2. Valdes-Prieto, Salvador, 1994. "Administrative charges in pensions in Chile, Malaysia, Zambia, and the United States," Policy Research Working Paper Series 1372, The World Bank.
    3. Valdes-Prieto, Salvador & DEC, 1994. "Earnings-related mandatory pensions : concepts for design," Policy Research Working Paper Series 1296, The World Bank.
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    Cited by:
    1. World Bank, 2005. "Household Risk Management and Social Protection in Chile," World Bank Publications, The World Bank, number 14839, August.
    2. Emma Aguila & Michael D. Hurd & Susann Rohwedder, 2008. "Pension Reform in Mexico: The Evolution of Pension Fund Management Fees and their Effect on Pension Balances," Working Papers, University of Michigan, Michigan Retirement Research Center wp196, University of Michigan, Michigan Retirement Research Center.
    3. Pecchenino, R.A. & Pollard, P.S., 1999. "Government Mandated Private Pensions: A Dependable Foundation for Retirement Security?," Papers, Michigan State - Econometrics and Economic Theory 9902, Michigan State - Econometrics and Economic Theory.
    4. Aiyer, Sri-Ram, 1997. "Pension reform in Latin America : quick fixes or sustainable reform?," Policy Research Working Paper Series 1865, The World Bank.
    5. Whitehouse, Edward, 2000. "Administrative charges for funded pensions : an international comparison and assessment," Social Protection Discussion Papers 23140, The World Bank.
    6. Eduardo Siandra, 1998. "Sistemas de pensiones, sus reformas y los mercados de capitales," Documentos de Trabajo (working papers), Department of Economics - dECON 0299, Department of Economics - dECON.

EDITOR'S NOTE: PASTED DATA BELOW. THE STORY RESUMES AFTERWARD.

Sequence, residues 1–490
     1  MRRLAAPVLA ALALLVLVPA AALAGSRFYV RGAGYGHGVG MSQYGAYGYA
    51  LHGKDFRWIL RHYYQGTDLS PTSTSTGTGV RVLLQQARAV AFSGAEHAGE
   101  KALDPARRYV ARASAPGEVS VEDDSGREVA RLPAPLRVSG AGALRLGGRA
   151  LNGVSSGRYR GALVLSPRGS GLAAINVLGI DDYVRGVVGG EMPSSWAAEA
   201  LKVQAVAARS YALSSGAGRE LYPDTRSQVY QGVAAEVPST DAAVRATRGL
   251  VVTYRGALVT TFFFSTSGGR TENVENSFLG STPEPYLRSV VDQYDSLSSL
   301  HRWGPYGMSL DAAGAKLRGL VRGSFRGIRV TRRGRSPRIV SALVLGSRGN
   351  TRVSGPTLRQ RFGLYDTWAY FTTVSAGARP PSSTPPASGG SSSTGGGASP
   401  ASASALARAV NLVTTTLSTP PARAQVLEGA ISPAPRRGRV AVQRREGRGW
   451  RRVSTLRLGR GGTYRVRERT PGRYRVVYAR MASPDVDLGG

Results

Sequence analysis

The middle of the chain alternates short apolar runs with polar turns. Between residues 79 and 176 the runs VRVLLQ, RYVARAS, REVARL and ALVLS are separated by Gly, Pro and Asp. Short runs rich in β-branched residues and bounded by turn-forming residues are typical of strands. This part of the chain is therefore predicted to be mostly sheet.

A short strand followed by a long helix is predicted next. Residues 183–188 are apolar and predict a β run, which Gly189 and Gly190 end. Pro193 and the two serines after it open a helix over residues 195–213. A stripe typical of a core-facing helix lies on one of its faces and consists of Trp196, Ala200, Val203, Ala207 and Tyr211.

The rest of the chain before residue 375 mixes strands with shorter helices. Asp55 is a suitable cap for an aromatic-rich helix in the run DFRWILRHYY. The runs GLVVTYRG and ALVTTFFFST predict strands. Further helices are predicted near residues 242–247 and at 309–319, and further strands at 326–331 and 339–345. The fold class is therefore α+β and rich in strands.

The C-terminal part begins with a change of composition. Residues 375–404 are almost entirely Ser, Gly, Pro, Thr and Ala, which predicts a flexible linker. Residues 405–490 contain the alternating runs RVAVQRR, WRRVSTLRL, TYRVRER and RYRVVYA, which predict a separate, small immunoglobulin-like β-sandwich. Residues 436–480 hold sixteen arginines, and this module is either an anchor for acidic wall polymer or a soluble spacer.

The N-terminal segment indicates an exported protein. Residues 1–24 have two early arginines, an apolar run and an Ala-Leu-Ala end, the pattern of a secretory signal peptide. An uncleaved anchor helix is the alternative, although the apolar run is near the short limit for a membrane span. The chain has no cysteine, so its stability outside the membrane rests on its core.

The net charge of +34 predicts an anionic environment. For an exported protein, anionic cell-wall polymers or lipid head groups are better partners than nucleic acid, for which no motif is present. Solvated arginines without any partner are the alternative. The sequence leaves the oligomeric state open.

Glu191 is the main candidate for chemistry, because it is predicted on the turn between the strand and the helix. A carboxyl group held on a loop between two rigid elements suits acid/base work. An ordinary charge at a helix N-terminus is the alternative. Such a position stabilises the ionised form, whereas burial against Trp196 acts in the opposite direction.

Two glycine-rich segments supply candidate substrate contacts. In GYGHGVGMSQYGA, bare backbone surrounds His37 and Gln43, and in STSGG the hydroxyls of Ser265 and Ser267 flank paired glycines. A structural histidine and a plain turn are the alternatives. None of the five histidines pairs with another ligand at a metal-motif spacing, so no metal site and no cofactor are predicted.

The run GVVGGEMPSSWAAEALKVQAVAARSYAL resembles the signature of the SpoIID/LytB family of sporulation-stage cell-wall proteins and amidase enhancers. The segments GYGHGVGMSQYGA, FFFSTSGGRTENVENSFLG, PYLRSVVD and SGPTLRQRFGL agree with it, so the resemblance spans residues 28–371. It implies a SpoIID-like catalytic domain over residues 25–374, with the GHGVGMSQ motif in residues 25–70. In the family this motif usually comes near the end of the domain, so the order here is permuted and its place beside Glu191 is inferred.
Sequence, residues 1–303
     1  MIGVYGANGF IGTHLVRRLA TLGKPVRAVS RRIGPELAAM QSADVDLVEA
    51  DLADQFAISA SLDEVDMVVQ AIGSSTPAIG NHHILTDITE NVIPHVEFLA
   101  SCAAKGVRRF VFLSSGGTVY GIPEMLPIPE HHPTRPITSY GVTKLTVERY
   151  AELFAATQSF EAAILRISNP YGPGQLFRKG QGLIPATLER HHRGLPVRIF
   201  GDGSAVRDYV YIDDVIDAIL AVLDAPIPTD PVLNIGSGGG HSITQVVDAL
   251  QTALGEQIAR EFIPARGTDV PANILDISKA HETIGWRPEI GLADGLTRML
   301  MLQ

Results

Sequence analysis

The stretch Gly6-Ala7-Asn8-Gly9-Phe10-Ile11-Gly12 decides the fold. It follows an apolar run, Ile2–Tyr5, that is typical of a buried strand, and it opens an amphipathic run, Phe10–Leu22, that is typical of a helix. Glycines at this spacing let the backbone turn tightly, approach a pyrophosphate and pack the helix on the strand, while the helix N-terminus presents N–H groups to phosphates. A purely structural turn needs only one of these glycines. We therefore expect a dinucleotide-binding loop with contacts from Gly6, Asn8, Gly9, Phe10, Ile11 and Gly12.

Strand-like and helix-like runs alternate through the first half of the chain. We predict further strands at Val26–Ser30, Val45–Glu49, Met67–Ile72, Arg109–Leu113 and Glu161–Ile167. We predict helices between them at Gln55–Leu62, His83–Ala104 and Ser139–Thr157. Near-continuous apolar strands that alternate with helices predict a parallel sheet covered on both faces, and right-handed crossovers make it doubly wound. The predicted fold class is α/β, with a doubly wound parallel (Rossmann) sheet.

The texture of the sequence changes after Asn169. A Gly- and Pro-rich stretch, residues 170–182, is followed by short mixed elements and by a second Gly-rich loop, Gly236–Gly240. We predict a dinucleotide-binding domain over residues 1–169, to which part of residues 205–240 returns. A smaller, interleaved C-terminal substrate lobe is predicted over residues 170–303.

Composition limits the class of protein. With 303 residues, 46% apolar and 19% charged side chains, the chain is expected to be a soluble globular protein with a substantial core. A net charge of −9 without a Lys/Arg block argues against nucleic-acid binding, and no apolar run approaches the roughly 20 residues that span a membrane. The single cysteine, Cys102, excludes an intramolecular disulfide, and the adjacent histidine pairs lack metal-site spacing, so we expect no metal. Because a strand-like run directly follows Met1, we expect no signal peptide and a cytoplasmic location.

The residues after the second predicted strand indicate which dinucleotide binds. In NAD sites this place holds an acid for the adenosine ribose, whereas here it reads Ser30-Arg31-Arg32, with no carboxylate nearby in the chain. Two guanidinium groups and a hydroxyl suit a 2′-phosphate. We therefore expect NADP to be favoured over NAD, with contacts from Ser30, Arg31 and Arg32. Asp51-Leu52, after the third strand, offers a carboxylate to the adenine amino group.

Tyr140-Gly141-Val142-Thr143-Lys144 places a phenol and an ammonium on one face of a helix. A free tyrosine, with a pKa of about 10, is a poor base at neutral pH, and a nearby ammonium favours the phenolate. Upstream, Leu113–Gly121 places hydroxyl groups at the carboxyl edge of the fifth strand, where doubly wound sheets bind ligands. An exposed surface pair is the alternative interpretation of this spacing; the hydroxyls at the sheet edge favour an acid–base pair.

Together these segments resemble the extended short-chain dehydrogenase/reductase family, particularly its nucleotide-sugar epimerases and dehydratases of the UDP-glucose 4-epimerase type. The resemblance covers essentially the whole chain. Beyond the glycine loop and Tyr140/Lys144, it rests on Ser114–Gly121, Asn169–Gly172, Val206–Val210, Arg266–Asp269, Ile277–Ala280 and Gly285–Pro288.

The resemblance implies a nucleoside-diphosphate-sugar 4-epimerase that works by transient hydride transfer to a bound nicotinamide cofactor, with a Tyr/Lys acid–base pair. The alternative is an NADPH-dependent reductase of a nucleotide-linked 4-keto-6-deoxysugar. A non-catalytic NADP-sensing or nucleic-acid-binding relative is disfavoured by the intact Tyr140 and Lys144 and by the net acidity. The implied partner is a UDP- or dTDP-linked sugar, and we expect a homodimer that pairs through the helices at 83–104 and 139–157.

7. Ben Braham, Mehdi, 2004. "L’avenir des retraites en Tunisie : Leçons des expériences étrangères," Economics Papers from University Paris Dauphine 123456789/6253, Paris Dauphine University.
    8. Srinivas, P.S. & Whitehouse, Edward & Yermo, Juan, 2000. "Regulating private pension funds’ structure, performance and investments: cross-country evidence," MPRA Paper 14753, University Library of Munich, Germany.
    9. Whitehouse, Edward, 2000. "Paying for pensions: An international comparison of administrative charges in funded retirement-income systems," MPRA Paper 14171, University Library of Munich, Germany.
    10. Vittas, Dimitri, 2002. "Policies to promote saving for retirement : a synthetic overview," Policy Research Working Paper Series 2801, The World Bank.
    11. Eduardo Siandra, 1999. "La inversión extranjera de los fondos de pensiones y el desarrollo del mercado de capitales doméstico," Documentos de Trabajo (working papers), Department of Economics - dECON 0599, Department of Economics - dECON.
    12. Vittas, Dimitri, 1998. "Regulatory controversies of private pension funds," Policy Research Working Paper Series 1893, The World Bank.
    13. World Bank, 2000. "Nicaragua : Pension Reform Proposal," World Bank Other Operational Studies 14972, The World Bank.